Universities: ‘Reduction of expat rule damages the Netherlands as knowledge economy’

Foto: Joep Poulssen 123RF

Employees from abroad currently receive a tax exemption of 30 percent, for eight years. This makes Dutch universities, research institutes, universities of applied sciences, and universities attractive to expats. One in three scientists at Dutch universities is from abroad, the VSNU wrote last year, which means there are around 10,000 scientists who benefit from the 30 percent ruling.

The cabinet wants to cut back on this ruling. Starting next year, the duration of the ruling will be scaled down from eight to five years, without any transitional arrangement. University association VSNU, the Vereniging Hogescholen, union Vawo and several other organizations have now written a letter to state secretary of Finances Menno Snel that they fear foreign scientists will soon no longer wish to come to the Netherlands. “Especially in the higher scientific positions, universities have been able to compete internationally thanks to the 30 percent ruling. Having international talents stay away will have a devastating impact on our scientific output,” the letter says.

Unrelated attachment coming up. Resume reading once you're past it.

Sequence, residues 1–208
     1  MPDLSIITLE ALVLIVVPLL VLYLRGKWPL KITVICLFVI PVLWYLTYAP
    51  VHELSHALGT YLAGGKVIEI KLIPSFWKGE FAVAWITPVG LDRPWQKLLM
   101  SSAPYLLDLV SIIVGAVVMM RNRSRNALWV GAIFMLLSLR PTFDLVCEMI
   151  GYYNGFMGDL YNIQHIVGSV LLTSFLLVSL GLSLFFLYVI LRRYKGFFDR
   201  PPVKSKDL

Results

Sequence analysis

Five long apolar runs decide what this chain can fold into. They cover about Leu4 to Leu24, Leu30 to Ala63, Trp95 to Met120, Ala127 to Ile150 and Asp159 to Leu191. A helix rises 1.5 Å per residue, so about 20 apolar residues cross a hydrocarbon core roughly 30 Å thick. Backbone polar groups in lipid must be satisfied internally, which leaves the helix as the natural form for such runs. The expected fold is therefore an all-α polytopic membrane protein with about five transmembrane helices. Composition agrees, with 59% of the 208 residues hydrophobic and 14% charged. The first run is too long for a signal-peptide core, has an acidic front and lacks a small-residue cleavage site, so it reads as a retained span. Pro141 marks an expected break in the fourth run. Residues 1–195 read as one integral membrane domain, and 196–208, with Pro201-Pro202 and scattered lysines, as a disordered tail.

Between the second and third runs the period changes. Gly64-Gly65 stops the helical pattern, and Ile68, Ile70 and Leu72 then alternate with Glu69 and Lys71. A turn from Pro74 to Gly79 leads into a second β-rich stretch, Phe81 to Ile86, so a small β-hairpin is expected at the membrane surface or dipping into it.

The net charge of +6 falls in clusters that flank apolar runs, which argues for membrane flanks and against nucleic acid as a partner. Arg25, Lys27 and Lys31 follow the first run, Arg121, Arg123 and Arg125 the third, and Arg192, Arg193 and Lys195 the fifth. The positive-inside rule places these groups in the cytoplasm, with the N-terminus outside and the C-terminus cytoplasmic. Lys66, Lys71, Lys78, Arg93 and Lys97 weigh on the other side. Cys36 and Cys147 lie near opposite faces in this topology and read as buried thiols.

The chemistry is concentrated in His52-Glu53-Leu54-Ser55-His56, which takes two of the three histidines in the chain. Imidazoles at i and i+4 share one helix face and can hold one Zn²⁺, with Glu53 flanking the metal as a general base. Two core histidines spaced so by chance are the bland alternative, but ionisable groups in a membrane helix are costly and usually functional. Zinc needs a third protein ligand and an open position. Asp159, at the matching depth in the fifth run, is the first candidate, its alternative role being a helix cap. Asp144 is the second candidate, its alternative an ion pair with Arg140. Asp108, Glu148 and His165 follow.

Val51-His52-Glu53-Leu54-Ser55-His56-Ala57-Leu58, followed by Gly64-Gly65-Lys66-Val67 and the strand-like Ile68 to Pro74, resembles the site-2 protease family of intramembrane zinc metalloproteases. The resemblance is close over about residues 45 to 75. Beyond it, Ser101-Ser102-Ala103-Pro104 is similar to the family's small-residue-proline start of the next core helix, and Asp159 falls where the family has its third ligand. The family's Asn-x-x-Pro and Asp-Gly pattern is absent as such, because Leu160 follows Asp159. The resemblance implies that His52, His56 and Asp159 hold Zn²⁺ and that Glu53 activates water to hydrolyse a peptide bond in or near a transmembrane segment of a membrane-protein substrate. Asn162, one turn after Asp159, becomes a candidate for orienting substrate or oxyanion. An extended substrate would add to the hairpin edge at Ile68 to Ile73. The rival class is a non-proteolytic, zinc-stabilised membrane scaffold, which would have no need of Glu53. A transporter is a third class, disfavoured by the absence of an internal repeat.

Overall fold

Damage to reputation 
The organizations are asking state secretary Snel to reconsider the measures. If there’s really no other option, then at least a transitional arrangement should be introduced for expats currently living in the Netherlands. They may have included the tax exemption as one of the advantages when deciding whether or not to come to the Netherlands, and are now facing an unpleasant surprise. This is damaging to the Netherlands’ reputation as a country for expats, the writers of the letter say.

The planned cutbacks are clearly bothering many expats: the petition ‘a deal is a deal’, by United Expats of the Netherlands, has already been signed over 27,000 times.

Translation: Indra Spronk